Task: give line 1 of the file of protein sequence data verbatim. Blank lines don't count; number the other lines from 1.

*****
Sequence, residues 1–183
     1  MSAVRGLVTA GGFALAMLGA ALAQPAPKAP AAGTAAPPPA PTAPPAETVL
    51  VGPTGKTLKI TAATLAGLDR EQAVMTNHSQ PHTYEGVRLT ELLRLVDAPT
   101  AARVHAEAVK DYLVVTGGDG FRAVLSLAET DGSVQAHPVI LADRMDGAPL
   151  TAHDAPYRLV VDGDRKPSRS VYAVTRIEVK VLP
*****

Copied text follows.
Sequence, residues 1–183